Sky’s the limit for Engineering Technology graduate
Graduating with a good job is every college student’s dream, and Chase Skibitsky just made his come true. The new graduate of Palm Beach State College’s Engineering Technology program will cross the stage at Grad Walk Dec. 12 and three weeks later walk into his new job at Dynamic Engineering Consultants, PC. He starts his new position as a CAD designer Jan. 3 at the company’s office in Chester, New Jersey.
“I’m very excited. I’ve been working very hard for this moment, so I’m carefree right now,” Skibitsky said.
Carefree because after working different full-time jobs, including as a waiter, and going to school part time, he’s earned an Associate in Science degree that opened the door to the new career he envisioned. Before starting the Engineering Technology program in 2016, Skibitsky, 25, had never used AutoCAD, the leading computer-aided design and drafting software application.
His perseverance—and affinity for AutoCAD—has paid off for the College as well as himself. He built his AutoCAD expertise throughout his time at PBSC, but his capstone project put his skills to use in a way that will help PBSC prepare for and prevent damage from tropical storms and hurricanes.
The project grew out of a college-based mentorship with Bob Priolo, PBSC’s facilities director. A professional engineer, he had volunteered to work with the Engineering Technology students.
Coincidently, Priolo was embarking on the annual FEMA requirement to do a pre-hurricane conditions survey of each campus. His team usually goes around with cameras or shoots video, but the use of drones is becoming increasingly popular. He mentioned to Skibitsky that aerial mapping of the campuses was a real need for his department, and Skibitsky took the project and ran with it.
“I was just very impressed with Chase’s ability to listen but then also provide good ideas and follow through,” Priolo said. “He literally made it happen, and that proactive thinking is going to take him a long way. He’s a super young man.”
The project was also an opportunity to involve KEITH, the Pompano Beach-based firm offering civil engineering and surveying services, where Skibitsky was doing a paid internship. KEITH had recently acquired a surveying drone and wanted to test it. Working with drone pilot Pablo Dominguez, a senior surveyor technician III at KEITH, Skibitsky got aerial photos of the Boca Raton campus and then used the photos to make models and maps in AutoCAD, which formed the basis of his FEMA analysis. Skibitsky identified multiple issues with campus roofs, overgrown vegetation and other factors that indicate vulnerability to flooding and storm damage, and he suggested ways to mitigate impact.
Given the project’s success and the valuable information gained, Priolo wants to do such drone surveys for every campus.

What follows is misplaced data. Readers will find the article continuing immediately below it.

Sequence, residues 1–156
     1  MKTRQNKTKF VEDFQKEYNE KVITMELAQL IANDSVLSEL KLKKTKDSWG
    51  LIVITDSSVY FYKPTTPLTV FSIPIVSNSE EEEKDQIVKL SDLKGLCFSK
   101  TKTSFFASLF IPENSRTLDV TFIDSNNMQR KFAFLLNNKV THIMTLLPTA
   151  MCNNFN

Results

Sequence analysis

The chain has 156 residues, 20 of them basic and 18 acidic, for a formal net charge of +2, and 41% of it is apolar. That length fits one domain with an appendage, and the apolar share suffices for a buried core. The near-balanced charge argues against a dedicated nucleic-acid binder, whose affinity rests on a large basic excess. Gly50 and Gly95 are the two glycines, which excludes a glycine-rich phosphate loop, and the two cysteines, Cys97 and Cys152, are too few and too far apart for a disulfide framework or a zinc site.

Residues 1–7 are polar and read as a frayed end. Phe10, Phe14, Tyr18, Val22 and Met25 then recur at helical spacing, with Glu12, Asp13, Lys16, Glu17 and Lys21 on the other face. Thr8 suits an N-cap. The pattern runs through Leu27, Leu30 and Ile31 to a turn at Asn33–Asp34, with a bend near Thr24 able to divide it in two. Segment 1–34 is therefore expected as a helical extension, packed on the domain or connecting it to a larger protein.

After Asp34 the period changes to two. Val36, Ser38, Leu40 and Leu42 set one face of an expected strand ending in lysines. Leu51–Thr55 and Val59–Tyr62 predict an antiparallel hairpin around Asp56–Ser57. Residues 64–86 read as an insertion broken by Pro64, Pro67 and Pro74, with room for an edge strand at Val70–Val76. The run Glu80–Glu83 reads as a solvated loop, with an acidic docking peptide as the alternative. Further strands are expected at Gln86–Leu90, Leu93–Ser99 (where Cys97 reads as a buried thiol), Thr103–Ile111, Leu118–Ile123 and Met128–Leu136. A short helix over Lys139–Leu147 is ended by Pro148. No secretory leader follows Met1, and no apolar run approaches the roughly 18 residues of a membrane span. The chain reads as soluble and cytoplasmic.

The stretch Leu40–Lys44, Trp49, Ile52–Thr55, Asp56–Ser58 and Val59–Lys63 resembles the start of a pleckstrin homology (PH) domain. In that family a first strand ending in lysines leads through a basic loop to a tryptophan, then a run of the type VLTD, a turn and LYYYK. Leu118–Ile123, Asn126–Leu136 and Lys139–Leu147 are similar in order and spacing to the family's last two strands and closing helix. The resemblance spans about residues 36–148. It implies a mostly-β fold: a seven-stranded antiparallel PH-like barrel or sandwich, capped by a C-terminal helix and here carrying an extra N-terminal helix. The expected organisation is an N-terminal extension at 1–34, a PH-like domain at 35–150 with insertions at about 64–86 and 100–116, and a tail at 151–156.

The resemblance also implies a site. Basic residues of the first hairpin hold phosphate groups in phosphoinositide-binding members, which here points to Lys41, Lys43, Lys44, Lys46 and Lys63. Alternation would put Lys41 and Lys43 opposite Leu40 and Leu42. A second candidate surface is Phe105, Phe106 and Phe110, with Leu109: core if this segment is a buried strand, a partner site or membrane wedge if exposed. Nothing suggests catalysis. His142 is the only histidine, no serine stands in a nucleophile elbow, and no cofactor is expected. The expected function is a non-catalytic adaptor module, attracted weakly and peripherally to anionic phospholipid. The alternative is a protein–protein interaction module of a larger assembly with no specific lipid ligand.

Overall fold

Skibitsky presented his work at the Engineering Technology Capstone Project Presentation and Expo on Dec. 2 at the Palm Beach Gardens campus.
“Without Mr. Priolo, I wouldn’t have gotten the clarity that I needed to present the project in a manner that would make sense to outside viewers,” Skibitsky said. “He was a tremendous help for me. I wouldn’t have been able to do this project without him.”
Always good in math and science, Skibitsky knew by the sixth grade that he wanted a STEM career. Originally from Illinois, he did two years at The College of New Jersey before moving to Florida.
“I wanted to go to school here and go the community college route because I didn’t want to put myself in massive amounts of debt,” Skibitsky said. “I wanted to be able to pay for my education out of my own pocket.”
PBSC’s Engineering Technology A.S. degree program with a concentration in Advanced Technology ended up being a very good fit for him.
“I think my absolute favorite part about the program at Palm Beach State was my professors, especially Professor Suarez and Professor Andric,” Skibitsky said. “They both influenced me very much. They’re both very intelligent individuals and they’re no-nonsense. I feel I am very well prepared for real-world jobs like the one that I’ve gotten. Also, the Palm Beach Gardens facility is awesome, and they have a lot of cool technology currently used in industry—so that’s a huge plus in the program and helped me in my job search.”
Professor Eva Suarez, department chair for Engineering Technology, taught Skibitsky from the time he entered the program and witnessed his progress and achievements firsthand.
“Chase is leaving this campus with a purpose,” Suarez said. “He knows what he wants to do. He has drive and determination. He grew in his self-confidence, as well as his knowledge, and he’s now ready to go forward and become a great engineering technologist. He is definitely a success story.”